Instances of medical malpractice could cause worse than severe injuries. Some medical malpractice incidents in Ohio, sadly, result in death. Surviving family members might feel extreme grief, and they may consider filing a wrongful death lawsuit. Others may wonder whether a lawsuit will serve any purpose. While legal actions can’t bring someone back, they could provide financial support to survivors in need.
Wrongful death suits and settlements
A wrongful death case may not need to go to trial. The defendant might settle out of court. Frequently, medical malpractice cases involve insurance settlements, and some payments could be substantial ones. The financial payments received from a settlement may address numerous obligations survivors face.
There could be significant medical expenses resulting from the deceased’s death, and a settlement might cover some or all of those expenses. Additionally, the surviving family members may have relied on the decedent’s income to pay for rent, food, clothing, and other family expenses. A settlement might address those needs.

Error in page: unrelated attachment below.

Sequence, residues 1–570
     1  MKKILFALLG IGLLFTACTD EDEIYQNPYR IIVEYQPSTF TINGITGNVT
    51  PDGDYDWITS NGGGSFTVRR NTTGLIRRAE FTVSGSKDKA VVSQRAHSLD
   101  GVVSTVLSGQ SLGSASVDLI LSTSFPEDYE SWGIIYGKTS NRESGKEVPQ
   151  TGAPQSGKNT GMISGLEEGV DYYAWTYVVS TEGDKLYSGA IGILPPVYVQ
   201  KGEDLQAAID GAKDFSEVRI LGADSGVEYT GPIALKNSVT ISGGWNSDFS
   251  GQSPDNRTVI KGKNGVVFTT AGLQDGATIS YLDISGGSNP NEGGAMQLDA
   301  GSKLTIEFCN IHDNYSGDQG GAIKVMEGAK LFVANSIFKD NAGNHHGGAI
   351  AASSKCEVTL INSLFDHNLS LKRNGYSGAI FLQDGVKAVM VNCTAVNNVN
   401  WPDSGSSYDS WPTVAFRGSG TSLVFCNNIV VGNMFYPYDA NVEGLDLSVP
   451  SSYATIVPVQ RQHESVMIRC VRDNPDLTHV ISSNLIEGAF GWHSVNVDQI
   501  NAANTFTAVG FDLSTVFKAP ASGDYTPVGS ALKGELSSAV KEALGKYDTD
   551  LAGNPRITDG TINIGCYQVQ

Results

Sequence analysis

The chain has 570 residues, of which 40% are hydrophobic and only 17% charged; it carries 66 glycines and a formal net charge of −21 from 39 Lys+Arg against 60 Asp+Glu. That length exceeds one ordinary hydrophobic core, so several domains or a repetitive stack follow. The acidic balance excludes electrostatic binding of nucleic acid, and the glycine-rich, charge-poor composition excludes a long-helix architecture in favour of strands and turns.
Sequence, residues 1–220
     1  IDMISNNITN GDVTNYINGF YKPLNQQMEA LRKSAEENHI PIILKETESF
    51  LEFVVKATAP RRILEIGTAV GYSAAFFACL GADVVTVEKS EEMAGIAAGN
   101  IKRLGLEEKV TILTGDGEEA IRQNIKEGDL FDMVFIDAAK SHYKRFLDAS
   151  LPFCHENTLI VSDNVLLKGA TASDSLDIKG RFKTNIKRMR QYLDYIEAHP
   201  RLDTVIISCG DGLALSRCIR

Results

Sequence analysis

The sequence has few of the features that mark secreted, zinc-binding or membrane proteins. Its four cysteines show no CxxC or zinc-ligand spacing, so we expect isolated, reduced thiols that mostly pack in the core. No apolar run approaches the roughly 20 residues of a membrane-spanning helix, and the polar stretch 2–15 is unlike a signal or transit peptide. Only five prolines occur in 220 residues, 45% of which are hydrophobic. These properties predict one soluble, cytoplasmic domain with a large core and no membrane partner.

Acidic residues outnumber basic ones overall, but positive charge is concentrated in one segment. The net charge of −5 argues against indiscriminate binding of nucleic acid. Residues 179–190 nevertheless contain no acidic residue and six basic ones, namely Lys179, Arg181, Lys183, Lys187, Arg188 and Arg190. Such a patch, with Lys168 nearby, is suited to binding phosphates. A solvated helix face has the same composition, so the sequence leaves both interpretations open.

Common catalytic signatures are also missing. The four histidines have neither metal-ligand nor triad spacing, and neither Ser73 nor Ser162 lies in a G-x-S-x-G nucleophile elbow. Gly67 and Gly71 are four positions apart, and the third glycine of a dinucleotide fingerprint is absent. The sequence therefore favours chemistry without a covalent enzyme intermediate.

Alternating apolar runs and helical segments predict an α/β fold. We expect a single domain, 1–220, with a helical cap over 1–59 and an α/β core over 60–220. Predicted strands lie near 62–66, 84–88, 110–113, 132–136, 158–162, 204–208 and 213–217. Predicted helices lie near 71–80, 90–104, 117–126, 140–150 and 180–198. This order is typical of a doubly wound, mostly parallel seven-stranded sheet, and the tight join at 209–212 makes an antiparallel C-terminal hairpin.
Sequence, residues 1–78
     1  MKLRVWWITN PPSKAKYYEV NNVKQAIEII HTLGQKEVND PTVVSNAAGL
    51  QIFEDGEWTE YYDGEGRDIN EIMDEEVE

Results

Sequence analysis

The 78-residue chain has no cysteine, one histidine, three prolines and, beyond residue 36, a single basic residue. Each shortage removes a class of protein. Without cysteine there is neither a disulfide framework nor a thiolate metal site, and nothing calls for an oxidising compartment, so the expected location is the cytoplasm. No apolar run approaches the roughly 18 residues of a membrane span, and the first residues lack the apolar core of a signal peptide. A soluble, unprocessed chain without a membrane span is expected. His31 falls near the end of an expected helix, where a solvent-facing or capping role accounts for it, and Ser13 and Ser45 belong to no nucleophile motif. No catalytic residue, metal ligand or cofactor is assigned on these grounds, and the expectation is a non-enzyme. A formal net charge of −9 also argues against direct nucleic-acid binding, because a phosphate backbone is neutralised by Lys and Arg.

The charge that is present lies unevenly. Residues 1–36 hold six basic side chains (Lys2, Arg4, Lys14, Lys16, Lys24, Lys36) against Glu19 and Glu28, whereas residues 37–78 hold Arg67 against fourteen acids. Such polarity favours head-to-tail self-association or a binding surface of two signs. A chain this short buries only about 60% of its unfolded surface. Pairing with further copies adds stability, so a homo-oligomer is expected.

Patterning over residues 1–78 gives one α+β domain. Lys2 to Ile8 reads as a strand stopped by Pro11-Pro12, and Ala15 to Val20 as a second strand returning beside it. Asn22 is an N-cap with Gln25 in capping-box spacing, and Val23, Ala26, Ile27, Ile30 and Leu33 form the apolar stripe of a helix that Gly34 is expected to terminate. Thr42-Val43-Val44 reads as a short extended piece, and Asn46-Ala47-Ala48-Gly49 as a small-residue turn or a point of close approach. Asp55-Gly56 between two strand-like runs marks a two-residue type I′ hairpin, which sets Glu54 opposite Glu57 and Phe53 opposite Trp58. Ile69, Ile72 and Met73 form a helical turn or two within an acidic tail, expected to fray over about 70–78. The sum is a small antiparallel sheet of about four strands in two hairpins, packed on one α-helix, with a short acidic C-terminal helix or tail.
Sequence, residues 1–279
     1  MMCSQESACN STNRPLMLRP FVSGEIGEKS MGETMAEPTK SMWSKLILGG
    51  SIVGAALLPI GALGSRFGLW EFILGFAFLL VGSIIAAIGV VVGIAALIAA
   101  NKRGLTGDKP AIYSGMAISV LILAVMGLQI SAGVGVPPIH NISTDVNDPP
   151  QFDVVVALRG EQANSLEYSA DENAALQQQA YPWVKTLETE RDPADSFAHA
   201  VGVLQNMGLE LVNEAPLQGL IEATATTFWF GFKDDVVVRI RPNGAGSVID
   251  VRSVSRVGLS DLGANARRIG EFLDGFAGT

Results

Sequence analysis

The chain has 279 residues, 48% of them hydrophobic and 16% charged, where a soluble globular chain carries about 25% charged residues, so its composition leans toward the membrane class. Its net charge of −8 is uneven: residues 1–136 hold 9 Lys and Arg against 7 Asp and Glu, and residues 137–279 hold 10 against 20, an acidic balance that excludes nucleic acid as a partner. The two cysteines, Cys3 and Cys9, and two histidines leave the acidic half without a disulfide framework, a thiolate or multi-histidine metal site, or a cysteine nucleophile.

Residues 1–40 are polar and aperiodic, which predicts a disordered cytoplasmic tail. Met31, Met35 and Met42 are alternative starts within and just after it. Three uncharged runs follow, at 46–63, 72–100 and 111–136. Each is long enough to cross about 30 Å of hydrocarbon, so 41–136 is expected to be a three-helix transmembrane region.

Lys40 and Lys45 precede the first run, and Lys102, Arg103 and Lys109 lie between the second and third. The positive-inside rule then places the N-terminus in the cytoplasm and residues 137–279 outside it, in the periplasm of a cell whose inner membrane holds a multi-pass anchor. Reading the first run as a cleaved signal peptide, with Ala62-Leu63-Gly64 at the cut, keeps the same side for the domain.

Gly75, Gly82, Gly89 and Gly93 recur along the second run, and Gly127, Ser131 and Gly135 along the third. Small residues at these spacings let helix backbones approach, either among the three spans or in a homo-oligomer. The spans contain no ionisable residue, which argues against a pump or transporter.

Not all needs are necessarily immediate ones. Perhaps concerns exist about a young child’s future education. The settlement funds could go into an investment vehicle to address college tuition and other expenses.
There is another potential benefit to settling a malpractice case. The payment could lead to the responsible party being more careful, possibly reducing the chances of future incidents.
Settlement negotiations and fair amounts
Although the responsible party knows it is at fault, the wrongful death settlement negotiations may become more involved than anticipated. The at-fault party’s insurance company could attempt to settle for the lowest amount possible.
Although an insurance company might attempt to make a low settlement offer, that doesn’t mean the survivors must accept it. Effective negotiation tactics may result in a substantial settlement, one above the initial offer.